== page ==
(\isOutside ->
                if isOutside then
                    Decode.succeed Close

                    Decode.fail "inside dropdown"

Decode.andThen is used to create a new decoder that depends on the result of isOutsideDropdown decoder.

Final step, we subscribe to mousedown if the dropdown is open (to avoid listening to the event unnecessarily) and pass the id of the dropdown to the decoder.

subscriptions : Model -> Sub Msg
subscriptions model =
    if model.open then
        Browser.Events.onMouseDown (outsideTarget "dropdown")


Other applications of the decoder

This technique of DOM node decoding is extremely powerful and can be extended to more than determining click outside.

To improve keyboard accessibility of the dropdown, we need to close it when it loses focus (when "tabbing out" of it). One trick is to use the focusout event and apply the same decoder to the relatedTarget property, which gives the element that is about to receive focus.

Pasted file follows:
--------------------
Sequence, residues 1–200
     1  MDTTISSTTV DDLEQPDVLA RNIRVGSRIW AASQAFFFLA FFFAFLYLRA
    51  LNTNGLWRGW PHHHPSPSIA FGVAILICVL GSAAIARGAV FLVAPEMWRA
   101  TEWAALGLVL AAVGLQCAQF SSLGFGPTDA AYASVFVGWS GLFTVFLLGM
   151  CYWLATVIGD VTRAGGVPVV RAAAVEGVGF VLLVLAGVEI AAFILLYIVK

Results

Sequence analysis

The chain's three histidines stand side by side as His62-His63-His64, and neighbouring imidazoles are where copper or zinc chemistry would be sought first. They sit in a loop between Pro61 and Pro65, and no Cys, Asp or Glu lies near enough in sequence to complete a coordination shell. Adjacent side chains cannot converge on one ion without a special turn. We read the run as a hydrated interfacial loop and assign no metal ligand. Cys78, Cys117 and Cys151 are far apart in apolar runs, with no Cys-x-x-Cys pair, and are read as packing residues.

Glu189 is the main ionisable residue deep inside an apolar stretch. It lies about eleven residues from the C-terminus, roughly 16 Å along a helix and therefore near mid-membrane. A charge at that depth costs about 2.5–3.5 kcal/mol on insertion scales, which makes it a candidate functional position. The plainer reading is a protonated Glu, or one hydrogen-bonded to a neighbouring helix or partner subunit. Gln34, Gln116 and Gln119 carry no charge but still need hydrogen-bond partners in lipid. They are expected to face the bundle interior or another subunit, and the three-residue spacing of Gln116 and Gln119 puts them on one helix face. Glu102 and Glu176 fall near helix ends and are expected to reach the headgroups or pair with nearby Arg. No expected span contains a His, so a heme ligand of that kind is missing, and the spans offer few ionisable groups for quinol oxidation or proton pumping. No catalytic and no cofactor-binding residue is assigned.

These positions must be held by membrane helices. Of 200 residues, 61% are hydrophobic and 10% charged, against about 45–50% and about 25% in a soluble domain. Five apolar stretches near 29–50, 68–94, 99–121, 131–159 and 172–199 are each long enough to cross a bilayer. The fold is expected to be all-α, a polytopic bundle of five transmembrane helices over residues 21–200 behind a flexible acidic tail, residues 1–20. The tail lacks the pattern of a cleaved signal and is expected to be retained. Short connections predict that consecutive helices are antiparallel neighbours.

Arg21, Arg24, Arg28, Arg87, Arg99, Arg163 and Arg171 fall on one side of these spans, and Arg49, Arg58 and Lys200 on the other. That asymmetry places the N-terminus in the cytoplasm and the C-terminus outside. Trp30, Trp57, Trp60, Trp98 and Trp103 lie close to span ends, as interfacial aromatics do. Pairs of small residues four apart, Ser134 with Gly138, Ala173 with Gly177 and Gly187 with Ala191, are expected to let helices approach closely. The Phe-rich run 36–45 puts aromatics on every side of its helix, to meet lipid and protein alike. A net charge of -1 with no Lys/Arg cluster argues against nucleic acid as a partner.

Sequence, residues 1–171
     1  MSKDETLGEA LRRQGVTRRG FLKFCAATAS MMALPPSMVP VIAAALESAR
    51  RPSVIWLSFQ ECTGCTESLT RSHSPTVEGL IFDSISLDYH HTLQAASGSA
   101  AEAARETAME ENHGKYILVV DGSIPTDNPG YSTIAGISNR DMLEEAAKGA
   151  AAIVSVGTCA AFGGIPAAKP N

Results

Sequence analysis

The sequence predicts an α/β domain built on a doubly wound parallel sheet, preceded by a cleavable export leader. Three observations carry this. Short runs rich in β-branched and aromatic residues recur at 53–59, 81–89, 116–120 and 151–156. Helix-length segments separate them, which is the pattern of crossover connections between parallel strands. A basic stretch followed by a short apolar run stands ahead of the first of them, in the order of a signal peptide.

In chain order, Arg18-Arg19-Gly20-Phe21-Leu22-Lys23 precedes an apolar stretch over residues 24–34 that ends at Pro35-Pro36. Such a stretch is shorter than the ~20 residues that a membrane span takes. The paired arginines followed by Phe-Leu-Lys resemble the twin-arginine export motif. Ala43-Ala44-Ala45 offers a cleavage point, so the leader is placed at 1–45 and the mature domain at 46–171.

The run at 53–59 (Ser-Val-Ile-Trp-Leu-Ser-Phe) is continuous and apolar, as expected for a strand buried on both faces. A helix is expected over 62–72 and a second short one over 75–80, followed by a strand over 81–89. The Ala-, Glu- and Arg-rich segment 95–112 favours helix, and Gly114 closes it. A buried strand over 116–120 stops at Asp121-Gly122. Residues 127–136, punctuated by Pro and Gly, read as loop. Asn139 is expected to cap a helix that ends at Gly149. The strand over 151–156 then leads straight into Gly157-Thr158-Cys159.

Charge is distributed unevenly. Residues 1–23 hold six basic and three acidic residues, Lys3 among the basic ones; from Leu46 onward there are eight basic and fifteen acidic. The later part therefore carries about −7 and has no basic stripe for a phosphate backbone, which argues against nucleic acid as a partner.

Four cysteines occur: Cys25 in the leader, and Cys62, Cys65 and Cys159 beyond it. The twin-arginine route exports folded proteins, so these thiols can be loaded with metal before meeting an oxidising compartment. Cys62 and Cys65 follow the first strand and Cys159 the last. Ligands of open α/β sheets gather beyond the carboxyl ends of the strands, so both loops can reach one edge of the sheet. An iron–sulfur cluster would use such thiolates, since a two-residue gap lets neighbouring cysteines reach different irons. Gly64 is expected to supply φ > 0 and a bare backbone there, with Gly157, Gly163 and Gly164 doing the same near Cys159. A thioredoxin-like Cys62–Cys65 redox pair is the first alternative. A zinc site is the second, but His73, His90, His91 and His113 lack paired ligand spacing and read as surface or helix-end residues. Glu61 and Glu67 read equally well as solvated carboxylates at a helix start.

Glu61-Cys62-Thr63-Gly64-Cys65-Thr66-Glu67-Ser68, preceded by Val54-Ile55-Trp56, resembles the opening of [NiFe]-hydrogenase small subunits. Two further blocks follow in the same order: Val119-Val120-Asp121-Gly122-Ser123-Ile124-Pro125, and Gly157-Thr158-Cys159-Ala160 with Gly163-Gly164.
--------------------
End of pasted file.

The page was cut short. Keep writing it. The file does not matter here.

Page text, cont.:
In my next post I will show how to make the dropdown more accessible and handle focus and keyboard events.

Here is the source code on github, and here is a slightly trimmed version in ellie for you to play with.

Disclaimer: none of this magic would have happened without the amazing elm community, and none of this would have mattered without you, reader! 😍 To be continued...

P.S. If by any chance, you need to implement detecting click outside in ReasonML, you can drop by my other post, where I explain how to create a custom useClickOutside hook in a ReasonReact application.

I seem to have a click-outside obsession... Anyway, thanks for reading! 😅

Posted on May 30 '19 by:

margaretkrutikova profile

Margarita Krutikova


Software developer, Typescript by day, ReasonML by night


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Great post. One of the things with Elm that I have found hard to understand is decoding. This was a pedagogic explanation of one usage for it.


I am glad it was helpful! That was definitely not an easy example of a decoder 😃